We escaped into the famed Backwaters of Kerala for a day on a dusty old wooden boat propelled by a couple of equally ancient punters. They can’t have been a day under 65ish but both had leg and arm muscles like knotted blackthorn. The Backwater trip was a rare opportunity to experience a day of silence in this crazy place and we lounged listlessly under the thatched palm awning, the only sound being the gentle plop of the poles propelling us forward. Our rolling backdrop was a series of jungly riverbanks with a beautiful entertainment of impossibly fluorescent Kingfishers and Bee-Eaters darting in and around the trees.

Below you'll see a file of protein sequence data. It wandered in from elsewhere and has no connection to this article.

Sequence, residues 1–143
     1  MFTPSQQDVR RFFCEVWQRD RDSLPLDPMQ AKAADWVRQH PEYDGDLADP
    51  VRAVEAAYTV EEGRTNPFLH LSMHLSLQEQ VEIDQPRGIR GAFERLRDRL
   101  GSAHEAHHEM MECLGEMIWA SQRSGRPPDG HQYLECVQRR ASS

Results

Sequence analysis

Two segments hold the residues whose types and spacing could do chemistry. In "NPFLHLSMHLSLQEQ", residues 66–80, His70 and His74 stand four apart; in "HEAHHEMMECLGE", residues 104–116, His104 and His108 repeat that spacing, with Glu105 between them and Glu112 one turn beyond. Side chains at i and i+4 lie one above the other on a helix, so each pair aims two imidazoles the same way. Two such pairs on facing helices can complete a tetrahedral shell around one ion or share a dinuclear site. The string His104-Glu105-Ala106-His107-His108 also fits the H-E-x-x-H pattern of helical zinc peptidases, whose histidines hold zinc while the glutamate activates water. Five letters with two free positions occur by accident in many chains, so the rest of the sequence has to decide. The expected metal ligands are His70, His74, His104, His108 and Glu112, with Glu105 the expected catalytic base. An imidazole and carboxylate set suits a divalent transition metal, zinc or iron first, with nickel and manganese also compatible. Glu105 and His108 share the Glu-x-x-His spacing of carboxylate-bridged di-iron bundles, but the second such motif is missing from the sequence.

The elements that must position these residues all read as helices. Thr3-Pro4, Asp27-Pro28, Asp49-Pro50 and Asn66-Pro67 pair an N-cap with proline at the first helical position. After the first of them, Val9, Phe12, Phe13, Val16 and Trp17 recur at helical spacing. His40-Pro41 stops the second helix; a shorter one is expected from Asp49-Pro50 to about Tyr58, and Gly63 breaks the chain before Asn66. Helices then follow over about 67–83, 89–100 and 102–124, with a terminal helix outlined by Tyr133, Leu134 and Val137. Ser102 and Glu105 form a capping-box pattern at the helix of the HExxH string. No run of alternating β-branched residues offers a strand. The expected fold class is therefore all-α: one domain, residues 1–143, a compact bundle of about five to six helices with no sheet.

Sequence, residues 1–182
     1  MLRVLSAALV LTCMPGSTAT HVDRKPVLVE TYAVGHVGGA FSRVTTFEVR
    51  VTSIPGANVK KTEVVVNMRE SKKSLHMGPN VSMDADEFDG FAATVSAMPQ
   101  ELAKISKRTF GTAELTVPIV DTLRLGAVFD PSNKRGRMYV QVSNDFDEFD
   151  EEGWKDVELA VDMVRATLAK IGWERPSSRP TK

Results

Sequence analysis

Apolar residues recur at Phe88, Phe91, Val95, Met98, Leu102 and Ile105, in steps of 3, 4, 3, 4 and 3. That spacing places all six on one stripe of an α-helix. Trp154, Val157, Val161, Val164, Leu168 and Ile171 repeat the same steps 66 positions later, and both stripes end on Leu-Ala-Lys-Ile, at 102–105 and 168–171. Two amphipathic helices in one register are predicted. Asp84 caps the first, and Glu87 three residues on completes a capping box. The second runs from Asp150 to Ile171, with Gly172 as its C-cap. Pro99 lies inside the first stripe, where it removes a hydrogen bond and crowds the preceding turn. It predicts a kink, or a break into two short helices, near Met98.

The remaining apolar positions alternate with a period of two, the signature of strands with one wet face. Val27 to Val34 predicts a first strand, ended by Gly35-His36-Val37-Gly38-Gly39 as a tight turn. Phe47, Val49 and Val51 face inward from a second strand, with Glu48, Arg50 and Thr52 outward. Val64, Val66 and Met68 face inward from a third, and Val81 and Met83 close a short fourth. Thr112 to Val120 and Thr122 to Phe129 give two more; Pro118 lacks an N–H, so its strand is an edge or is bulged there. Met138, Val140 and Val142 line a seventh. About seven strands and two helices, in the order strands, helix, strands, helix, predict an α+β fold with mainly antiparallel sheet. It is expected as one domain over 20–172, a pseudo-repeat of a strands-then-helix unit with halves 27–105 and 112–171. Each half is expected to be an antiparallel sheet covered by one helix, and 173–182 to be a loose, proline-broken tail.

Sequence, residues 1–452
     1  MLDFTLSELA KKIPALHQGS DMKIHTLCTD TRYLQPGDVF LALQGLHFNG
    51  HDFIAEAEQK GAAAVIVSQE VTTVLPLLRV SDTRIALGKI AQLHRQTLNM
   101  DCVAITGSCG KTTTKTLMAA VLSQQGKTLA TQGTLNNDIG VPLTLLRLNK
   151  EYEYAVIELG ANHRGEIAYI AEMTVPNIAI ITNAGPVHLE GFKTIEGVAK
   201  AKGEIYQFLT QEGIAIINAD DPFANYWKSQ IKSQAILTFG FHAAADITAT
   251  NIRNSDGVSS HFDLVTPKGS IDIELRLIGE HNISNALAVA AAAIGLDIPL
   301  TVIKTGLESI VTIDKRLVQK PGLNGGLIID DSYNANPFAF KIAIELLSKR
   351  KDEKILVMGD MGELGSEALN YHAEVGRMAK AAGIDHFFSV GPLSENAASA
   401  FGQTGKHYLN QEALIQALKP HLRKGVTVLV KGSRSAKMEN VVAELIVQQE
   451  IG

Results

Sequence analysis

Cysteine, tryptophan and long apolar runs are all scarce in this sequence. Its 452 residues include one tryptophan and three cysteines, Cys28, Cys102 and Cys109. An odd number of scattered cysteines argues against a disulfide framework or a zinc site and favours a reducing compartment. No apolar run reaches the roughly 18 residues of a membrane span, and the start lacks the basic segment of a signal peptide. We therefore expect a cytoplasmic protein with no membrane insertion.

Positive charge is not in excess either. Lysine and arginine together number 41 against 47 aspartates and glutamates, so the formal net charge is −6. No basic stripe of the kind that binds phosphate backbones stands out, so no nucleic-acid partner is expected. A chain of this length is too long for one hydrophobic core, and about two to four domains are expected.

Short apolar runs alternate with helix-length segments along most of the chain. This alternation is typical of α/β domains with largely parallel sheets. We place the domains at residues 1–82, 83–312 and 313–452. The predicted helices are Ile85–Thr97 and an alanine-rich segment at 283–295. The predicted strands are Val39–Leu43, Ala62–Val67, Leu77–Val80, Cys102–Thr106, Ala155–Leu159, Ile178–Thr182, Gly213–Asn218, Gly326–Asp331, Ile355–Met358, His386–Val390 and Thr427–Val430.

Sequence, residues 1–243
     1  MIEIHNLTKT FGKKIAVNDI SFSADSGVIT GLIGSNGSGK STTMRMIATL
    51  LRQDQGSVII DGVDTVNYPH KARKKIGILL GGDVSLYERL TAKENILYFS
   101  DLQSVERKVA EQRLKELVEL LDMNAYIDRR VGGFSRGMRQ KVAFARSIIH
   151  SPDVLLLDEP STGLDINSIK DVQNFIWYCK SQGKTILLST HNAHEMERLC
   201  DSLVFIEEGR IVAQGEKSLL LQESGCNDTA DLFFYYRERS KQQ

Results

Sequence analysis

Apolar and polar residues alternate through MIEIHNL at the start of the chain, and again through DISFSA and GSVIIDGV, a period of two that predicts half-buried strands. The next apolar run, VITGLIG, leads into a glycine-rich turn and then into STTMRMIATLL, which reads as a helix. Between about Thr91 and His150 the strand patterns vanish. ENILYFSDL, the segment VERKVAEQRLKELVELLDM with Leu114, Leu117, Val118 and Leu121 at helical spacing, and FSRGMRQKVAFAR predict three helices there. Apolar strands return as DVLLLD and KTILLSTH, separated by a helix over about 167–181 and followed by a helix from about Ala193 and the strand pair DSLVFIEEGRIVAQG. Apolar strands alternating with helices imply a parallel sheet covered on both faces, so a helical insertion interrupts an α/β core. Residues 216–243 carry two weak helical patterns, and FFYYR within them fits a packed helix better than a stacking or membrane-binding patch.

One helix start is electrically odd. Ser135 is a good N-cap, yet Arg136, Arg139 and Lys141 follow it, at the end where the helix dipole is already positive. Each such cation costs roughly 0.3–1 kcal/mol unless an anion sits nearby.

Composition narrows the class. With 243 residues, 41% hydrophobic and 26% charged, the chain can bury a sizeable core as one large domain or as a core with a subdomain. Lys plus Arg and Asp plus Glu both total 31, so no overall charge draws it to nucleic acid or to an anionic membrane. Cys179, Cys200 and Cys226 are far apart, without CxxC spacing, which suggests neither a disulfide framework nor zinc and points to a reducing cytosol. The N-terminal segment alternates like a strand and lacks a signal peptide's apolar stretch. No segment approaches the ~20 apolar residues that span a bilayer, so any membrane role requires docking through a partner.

So with all the dirty litter-strewn places, filthy habits and the crazy driving, is India starting to get to us? A short day of more mental Keralan driving took us further south again, past Tiruvananthapuram, this mouthful being the name of the Kerala State capital and then down off the coastal highway to altogether more peaceful roads that wound through densely palm forested estates, dwindling into smaller side streets, until finally we found ourselves negotiating a labyrinth of alleyways (all registering on GPS) that led us to the door of the Oceanic Residence, a little haven in the backstreets of beautiful Varkala. An hour later and we had flip-flopped a hundred metres to a perch atop spectacular red cliffs where we took refuge in the Blue Moon bar to sup a well-deserved Kingfisher (beer not bird!). We tore strips off our starter of mouth-watering cheese and garlic Paratha bread and watched as surfers on the beach below packed up for the day, the evening now illuminated by the crepuscular rays of a setting sun. Dinner of Vegetable Hyderabadi and Prawn Masala arrived, two curried dishes that even now make me salivate at the thought and at the end of our meal we thought ‘what a way to end a day!’ So while India has its downs they are more than counterbalanced by these spectacular ups. It really is ‘Incredible’ in the most positive sense of that word, proving an old motorcycle adage that the harder the road the more rewarding the destination.